Mastering old techniques and new technologies to re-create the moon landing for ‘First Man’
A close-up, behind-the-scenes look at how the moon was digitally re-created for the climatic landing scene of the Neil Armstrong biopic “First Man."
In camera. In camera. In camera. For production designer Nathan Crowley, the “First Man” creative brief couldn’t have been more emphatic when director Damien Chazelle laid out his approach to filming NASA’s 1960s-era space program. Crowley, who earned four Oscar nominations as Christopher Nolan’s go-to designer on such movies as “Interstellar” and “Dunkirk,” eagerly embraced the analog aesthetic. “Over the years,” he says, “I’ve become much more interested in creating environments using physical tools, physical sets, physical techniques rather than just popping in a green screen and CGI’ing everything.”
The movie’s bone-rattling opening sequence, which re-creates Neil Armstrong’s 1961 X-15 test flight, exemplifies Crowley’s full-immersion design aesthetic. “I went to Edwards Air Force Base in the California desert to see where the event actually happened,” says Crowley, speaking by phone from his home in New York. “They had this X-15 mock-up on a pedestal and it suddenly became obvious to me: ‘This is not a plane. It’s a ballistic missile with a cockpit on one end.’ The top of the canopy holds the pilot’s head in position because otherwise his neck would break.”
Ryan Gosling, portraying Armstrong, sat inside Crowley and company’s replica X-15, which was shaken on a soundstage gimbal. Rear-projection footage displayed panoramic vistas of the stratosphere while an 80% scale B-52 bomber hovered outside the window. “By moving the camera into this restricted physical environment, it allows people in the audience to realize, ‘This is terrifying.’”
The Gemini 8 capsule, launched in 1966, also impressed Crowley with its modesty of scale when he studied NASA manuals and visited Kennedy Space Center in Florida. “Re-creating the interior with all its working elements, we wanted it to feel like you’re going into a coffin when the door locks and you hear these old bolts and steel and clanking and creaking,” Crowley explains. “People often look at these missions in a kind of glossy way but the reality was quite the opposite. It was sweat and grit and bolts and dirt.”
To fabricate the miniature and full-size spacecraft replicas featured in “First Man,” 16 3-D printers housed in an Atlanta soundstage operated around the clock producing pieces. Artisans then used traditional Hollywood skills to finish the surfaces, old-school style. “Imagine building a set with a bunch of plywood,” Crowley says. “This was basically the same process except instead of carpenters we had mold makers. We used great scenic painters, plasterers, metal guys adding little bits. I hired Ian Hunter, who ran the last miniatures shop in the U.S., and he applied every little trick in the book. Producing the miniatures alongside the full-scale pieces was super useful because we needed both versions to look exactly the same.”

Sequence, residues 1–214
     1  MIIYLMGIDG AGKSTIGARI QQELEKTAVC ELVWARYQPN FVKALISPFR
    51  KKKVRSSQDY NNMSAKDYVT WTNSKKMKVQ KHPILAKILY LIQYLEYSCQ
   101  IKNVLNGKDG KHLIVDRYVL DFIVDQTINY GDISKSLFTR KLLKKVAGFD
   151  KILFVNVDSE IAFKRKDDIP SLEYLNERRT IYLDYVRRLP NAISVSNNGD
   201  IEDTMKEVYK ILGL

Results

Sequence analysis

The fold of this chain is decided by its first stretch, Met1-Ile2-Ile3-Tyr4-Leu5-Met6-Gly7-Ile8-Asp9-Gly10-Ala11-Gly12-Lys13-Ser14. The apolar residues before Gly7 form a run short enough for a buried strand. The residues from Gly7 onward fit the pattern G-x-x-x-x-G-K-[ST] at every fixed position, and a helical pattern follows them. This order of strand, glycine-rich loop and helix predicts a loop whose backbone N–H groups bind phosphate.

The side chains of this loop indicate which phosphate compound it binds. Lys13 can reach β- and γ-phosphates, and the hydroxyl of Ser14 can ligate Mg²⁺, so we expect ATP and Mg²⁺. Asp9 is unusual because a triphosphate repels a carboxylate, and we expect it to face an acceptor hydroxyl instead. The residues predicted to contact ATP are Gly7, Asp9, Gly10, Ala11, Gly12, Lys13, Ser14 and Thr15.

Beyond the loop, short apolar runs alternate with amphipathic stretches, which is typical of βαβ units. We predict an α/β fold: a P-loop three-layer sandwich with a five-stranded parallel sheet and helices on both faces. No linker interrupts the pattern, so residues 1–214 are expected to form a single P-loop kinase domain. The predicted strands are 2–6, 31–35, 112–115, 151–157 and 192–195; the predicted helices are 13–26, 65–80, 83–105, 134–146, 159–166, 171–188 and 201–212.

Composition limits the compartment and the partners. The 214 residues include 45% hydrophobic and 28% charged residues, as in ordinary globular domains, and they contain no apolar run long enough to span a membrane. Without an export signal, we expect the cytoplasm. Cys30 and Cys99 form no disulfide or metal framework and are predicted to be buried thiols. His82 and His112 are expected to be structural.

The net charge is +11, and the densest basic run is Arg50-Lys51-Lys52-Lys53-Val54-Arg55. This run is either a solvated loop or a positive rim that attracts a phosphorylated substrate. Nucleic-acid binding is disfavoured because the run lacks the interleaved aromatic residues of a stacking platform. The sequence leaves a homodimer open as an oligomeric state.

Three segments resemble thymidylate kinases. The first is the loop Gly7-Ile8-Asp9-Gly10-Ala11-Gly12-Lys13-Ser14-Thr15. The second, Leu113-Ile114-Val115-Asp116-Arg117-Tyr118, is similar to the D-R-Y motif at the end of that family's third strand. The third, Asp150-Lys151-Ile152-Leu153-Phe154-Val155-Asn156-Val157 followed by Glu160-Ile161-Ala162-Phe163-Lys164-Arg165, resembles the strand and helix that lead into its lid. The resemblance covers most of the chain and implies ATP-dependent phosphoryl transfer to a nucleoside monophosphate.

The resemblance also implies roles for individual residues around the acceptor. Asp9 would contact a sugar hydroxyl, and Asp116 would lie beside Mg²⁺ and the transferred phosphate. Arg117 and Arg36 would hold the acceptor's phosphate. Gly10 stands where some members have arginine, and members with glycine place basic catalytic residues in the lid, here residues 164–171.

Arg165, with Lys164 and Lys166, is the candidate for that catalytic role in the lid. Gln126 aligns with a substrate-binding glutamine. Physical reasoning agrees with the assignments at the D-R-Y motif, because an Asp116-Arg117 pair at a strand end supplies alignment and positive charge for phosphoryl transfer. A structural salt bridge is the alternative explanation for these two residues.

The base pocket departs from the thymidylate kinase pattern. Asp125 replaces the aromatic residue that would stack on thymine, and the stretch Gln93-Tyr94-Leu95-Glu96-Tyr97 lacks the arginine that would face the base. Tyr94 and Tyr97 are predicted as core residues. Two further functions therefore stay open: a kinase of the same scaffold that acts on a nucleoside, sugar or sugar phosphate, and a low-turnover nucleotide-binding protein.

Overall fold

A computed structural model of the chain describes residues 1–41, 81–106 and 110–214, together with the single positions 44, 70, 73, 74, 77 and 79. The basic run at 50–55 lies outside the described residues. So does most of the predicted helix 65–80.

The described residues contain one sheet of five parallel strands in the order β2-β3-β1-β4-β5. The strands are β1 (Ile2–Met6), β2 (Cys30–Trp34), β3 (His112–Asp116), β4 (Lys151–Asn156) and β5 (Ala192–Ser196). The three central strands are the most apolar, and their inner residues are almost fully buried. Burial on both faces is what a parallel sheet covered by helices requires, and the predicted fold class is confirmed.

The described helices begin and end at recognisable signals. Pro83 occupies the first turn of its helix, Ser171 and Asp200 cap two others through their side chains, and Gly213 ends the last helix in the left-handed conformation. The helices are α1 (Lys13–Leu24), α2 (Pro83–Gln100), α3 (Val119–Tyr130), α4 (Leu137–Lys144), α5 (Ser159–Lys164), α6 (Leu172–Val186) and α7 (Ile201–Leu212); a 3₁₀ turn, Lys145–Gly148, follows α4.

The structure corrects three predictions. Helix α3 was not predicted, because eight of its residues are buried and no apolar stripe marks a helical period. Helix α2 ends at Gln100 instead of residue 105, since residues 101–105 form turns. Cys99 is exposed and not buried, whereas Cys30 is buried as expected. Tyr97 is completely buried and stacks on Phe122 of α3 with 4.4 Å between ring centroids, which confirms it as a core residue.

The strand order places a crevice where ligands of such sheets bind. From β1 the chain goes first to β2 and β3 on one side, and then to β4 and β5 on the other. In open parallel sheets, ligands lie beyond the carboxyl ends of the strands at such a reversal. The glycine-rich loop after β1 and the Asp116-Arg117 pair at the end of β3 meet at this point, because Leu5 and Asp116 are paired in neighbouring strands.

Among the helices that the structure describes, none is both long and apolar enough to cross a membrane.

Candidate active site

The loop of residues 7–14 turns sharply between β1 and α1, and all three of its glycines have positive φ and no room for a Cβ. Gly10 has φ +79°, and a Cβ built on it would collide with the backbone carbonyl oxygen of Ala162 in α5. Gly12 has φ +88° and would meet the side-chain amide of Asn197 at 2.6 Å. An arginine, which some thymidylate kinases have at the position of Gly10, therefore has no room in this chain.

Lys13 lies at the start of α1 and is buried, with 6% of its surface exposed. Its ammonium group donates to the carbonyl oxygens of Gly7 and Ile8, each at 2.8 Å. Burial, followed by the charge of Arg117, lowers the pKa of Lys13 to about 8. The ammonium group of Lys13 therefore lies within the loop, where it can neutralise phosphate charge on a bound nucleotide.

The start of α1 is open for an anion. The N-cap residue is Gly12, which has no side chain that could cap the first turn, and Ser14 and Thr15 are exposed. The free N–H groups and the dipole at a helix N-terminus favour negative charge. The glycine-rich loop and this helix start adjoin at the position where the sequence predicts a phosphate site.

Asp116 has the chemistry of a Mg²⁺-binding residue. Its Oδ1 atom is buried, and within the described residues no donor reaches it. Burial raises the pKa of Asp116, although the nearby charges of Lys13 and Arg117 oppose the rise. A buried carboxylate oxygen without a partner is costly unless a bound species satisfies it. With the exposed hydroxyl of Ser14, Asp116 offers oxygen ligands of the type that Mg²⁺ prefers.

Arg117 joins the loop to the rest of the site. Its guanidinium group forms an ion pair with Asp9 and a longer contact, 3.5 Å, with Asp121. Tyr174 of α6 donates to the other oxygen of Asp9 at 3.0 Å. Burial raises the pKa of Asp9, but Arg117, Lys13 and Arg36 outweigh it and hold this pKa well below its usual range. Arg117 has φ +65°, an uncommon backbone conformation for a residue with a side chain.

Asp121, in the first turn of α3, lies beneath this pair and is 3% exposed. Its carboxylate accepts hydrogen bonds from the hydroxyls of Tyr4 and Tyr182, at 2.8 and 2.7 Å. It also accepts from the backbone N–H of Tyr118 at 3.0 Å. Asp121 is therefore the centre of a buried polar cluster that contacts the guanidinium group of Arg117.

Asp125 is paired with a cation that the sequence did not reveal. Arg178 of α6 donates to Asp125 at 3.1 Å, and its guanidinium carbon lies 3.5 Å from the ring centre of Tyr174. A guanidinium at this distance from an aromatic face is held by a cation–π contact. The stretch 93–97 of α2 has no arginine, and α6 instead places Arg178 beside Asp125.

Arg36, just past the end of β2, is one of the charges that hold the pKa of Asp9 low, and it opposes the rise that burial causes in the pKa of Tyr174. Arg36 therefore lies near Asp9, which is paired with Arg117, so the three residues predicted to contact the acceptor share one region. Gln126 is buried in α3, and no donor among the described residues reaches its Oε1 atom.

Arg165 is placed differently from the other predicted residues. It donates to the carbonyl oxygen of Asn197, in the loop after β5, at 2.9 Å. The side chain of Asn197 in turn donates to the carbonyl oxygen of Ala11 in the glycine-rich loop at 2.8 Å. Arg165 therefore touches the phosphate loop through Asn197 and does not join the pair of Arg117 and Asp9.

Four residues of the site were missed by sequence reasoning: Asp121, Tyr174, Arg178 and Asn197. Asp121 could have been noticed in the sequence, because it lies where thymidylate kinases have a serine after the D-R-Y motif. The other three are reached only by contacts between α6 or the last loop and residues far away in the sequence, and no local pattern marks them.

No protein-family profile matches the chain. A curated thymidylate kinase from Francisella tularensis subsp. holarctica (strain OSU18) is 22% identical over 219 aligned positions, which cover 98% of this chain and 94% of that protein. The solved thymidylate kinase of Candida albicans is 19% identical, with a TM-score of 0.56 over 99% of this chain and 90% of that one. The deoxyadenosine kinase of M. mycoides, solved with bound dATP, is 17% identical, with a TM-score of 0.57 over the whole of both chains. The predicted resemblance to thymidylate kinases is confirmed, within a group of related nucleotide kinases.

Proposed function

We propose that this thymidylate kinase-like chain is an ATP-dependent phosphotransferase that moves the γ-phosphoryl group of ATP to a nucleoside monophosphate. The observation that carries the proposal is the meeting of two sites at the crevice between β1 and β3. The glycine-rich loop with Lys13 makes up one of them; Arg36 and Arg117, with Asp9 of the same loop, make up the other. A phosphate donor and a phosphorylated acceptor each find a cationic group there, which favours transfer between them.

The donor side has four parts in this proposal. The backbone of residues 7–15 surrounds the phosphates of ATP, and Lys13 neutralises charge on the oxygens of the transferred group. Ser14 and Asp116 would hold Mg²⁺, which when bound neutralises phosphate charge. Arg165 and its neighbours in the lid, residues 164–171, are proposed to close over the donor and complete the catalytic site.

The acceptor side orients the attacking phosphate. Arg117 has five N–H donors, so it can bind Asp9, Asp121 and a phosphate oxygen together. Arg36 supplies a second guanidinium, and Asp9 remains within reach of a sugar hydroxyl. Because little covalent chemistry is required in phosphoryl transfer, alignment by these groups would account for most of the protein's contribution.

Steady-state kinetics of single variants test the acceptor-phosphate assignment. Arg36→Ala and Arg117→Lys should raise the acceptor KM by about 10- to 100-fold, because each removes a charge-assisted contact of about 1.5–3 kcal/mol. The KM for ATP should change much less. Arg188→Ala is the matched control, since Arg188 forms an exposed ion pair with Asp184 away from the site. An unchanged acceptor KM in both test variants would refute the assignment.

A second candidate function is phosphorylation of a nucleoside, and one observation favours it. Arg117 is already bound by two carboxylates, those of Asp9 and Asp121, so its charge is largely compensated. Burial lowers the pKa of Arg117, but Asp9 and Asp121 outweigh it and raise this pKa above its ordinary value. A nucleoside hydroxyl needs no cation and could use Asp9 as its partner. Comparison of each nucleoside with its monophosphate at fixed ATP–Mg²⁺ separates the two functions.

While craftspeople produced everything from the topsy-turvy “multi-axis spinner” to the meticulously detailed mission control headquarters, Crowley postponed his most daunting design challenge: the Apollo 11 moon landing site. “As a designer,” he says, “I’ve learned that sometimes you have to let things tick in your mind a while until an answer presents itself. All of a sudden a door opens up and lets you in.”
In “First Man,” the door to a real-looking moonscape was opened by an Atlanta location manager, who alerted the British designer to a quarry outside the city. “The locals took away all their machinery,” Crowley recalls. “We banked the whole background up to kill the trees and created this site of gray nothingness. Then we sculpted the moon.” Dusting the surface with gray-dyed C90 paper bits normally used as fake snow in movies, filmmakers mimicked Apollo 11’s Tranquility Base made iconic during the 1969 televised landing. Crowley says, “Our greens department spent two weeks putting in all those little potholes and craters and rocks in the right place. I didn’t want anyone in the audience to question it: We’ve landed on the moon!”
By the time production wrapped, Crowley had satisfied the “in camera” mandate for nearly every frame of the movie. “I felt like we’d gotten back to the old techniques I loved so much when I first started out,” he says. “I remember working on ‘Bram Stoker’s Dracula’ where we worked with old techniques like rear-screen projection. We do that in ‘First Man’ too, except now rear projection uses LED lights, which have a brightness and luminosity that allows the camera to read everything beautifully. On ‘First Man,’ it’s all about old techniques and new technologies, which is bizarre.”
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